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Mission Packages Key to LCS Capabilities

Navy NewsStand

Story Number: NNS100113-04
Release Date: 1/13/2010 7:00:00 PM

By L.t. Sean Riordan, Naval Surface Forces Public Affairs

MOBILE, Ala. (NNS) -- The littoral combat ship (LCS) is revolutionary in its use of modularity and open-architecture to ensure it is able to adapt to the ever-changing threat environment.

"LCS has some core capabilities, but it is largely self-defensive," said Capt. Michael Good, program manager, LCS Mission Modules. "The embarkable mission package augments the sea-frame and gives LCS offensive capabilities in three focused mission areas: mine countermeasures, anti-submarine warfare and surface warfare."

"We're more versatile," said Lt. Cmdr. James Schmitt, the pilot of an MH-60S helicopter that arrived aboard Pre-Commisioning Unit Independence (LCS 2) Jan. 12. "It is part of the master plan to incorporate more capabilities into fewer platforms." Schmitt said the helicopter is specifically designed for the mine countermeasures mission, but it is still able to support other needs the ship may have.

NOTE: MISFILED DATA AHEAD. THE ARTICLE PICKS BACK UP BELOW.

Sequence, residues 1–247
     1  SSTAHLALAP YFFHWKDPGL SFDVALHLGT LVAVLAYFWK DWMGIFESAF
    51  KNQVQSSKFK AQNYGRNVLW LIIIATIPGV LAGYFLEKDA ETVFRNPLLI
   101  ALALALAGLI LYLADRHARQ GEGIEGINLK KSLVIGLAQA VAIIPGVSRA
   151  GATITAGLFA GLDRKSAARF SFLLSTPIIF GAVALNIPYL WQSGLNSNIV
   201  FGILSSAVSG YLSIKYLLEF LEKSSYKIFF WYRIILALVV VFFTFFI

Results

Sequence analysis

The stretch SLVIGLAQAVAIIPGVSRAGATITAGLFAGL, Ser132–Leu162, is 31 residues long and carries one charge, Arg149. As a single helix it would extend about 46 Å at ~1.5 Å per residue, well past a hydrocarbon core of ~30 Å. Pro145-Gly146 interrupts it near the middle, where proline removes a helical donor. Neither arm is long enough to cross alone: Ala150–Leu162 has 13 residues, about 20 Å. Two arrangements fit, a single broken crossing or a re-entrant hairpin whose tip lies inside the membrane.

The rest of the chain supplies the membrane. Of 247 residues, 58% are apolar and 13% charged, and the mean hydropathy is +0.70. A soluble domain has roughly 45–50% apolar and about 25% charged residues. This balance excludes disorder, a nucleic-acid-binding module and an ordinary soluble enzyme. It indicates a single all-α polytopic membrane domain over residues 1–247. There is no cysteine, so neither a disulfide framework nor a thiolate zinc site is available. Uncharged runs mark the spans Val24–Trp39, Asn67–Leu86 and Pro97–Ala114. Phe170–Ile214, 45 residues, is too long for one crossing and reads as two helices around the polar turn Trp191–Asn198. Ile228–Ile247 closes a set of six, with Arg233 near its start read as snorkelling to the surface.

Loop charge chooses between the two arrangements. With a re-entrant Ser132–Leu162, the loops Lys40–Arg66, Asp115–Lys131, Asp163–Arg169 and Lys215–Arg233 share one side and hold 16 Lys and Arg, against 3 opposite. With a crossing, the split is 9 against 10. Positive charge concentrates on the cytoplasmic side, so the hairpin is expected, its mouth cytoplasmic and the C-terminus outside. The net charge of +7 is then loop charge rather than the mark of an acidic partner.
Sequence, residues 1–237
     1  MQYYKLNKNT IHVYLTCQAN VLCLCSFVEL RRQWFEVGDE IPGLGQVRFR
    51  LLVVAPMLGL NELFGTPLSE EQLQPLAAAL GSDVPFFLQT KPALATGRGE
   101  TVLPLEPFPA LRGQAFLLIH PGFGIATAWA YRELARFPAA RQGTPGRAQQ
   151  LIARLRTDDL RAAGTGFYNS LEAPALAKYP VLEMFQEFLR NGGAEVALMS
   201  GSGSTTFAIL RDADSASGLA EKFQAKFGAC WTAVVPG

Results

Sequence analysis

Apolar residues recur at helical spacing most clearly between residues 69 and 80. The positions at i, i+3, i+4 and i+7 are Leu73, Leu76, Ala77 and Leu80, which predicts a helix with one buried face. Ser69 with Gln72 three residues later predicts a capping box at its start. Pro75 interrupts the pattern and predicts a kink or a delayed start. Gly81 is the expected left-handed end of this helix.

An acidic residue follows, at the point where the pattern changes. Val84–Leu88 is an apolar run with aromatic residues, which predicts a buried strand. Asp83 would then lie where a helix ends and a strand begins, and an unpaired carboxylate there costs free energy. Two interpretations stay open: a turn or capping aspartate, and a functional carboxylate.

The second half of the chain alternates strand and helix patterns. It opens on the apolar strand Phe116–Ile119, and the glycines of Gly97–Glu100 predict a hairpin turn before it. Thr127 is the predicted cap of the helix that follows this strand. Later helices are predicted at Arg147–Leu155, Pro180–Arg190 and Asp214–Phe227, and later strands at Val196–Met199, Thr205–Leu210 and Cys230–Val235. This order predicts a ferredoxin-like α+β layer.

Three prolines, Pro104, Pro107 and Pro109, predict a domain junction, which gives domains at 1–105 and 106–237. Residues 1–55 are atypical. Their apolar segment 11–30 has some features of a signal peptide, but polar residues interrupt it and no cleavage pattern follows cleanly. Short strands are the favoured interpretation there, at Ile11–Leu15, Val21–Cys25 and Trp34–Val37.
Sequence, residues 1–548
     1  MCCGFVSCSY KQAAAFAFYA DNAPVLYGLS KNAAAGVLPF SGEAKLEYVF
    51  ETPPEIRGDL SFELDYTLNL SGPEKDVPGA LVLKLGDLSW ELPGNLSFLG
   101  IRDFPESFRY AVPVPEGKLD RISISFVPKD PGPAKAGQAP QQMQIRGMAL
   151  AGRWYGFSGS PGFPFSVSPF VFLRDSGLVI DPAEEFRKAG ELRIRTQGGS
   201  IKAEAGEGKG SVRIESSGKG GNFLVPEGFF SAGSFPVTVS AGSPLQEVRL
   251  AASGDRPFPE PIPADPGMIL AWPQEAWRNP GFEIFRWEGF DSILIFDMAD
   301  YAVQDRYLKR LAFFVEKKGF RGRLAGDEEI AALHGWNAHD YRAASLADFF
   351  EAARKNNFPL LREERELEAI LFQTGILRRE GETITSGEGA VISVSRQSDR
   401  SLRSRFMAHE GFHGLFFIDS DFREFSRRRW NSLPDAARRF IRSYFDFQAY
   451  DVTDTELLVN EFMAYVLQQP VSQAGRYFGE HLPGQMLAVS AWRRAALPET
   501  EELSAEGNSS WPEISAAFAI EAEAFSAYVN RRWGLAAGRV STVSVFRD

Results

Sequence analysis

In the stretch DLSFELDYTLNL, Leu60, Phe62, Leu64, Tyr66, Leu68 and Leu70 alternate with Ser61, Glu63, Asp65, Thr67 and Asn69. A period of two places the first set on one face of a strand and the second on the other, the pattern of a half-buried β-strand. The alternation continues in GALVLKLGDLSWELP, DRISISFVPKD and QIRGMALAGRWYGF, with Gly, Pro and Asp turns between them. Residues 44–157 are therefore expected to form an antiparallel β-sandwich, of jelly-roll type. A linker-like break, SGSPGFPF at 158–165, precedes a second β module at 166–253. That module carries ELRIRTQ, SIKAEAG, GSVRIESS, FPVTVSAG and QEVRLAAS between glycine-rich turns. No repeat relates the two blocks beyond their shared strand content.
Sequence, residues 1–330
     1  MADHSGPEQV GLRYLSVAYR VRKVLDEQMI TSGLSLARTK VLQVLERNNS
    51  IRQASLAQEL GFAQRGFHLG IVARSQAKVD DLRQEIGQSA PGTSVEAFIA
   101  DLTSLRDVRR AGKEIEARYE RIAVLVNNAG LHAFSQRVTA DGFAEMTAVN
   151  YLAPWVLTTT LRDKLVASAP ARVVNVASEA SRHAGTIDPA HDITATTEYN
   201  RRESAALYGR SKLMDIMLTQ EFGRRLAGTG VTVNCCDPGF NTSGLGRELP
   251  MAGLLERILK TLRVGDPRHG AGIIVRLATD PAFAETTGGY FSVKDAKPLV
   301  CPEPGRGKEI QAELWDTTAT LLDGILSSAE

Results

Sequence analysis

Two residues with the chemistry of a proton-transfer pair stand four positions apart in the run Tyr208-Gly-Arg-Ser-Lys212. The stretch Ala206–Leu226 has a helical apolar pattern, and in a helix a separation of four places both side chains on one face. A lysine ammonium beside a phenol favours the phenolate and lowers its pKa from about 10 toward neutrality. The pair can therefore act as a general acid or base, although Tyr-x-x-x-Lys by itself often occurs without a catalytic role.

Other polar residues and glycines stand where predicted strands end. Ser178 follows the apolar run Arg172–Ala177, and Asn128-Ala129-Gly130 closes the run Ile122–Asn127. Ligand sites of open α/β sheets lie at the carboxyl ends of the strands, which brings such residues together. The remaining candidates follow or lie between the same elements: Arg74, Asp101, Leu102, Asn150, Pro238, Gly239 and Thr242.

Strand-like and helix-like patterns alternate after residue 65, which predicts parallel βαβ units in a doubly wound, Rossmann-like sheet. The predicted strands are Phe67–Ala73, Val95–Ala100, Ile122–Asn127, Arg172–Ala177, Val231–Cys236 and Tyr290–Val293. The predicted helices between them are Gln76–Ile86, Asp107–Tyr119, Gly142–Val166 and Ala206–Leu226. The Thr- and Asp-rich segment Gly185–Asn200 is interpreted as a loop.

The MH-60S, from Naval Surface Warfare Center Panama City Division, along with mine countermeasure equipment from LCS Mine Countermeasures (MCM) Detachment 1, represents a mission package that can be assembled to meet the specific and changing demands of the maritime strategy.

Mineman 1st Class Ricardo Contreras, who served on a mine countermeasures ship and is now as part of the LCS MCM detachment, was impressed with the improvements.

"Since the mission module allows us to be on an LCS, we can go where we need to go a lot quicker and the unmanned vehicles allow us to reduce the risk necessary to accomplish the mission."

LCS is a fast, agile, mission-focused ship that demonstrates the latest in naval warfighting technology. The ship is specifically designed to defeat "anti-access" threats in shallow, coastal water regions, including fast surface craft, quiet diesel submarines, and mines. To meet the combatant commander's increased demand for mission-tailored forces packages, LCS features an interchangeable modular design that allows the ship to be reconfigured to meet mission requirements.

Independence will be commissioned Jan. 16 in Mobile, Ala. Following commissioning, Independence will conduct further testing and evaluation before eventually heading toward its homeport in San Diego.

For more news from PCU Independence (LCS 2), visit www.navy.mil/local/LCS2/.



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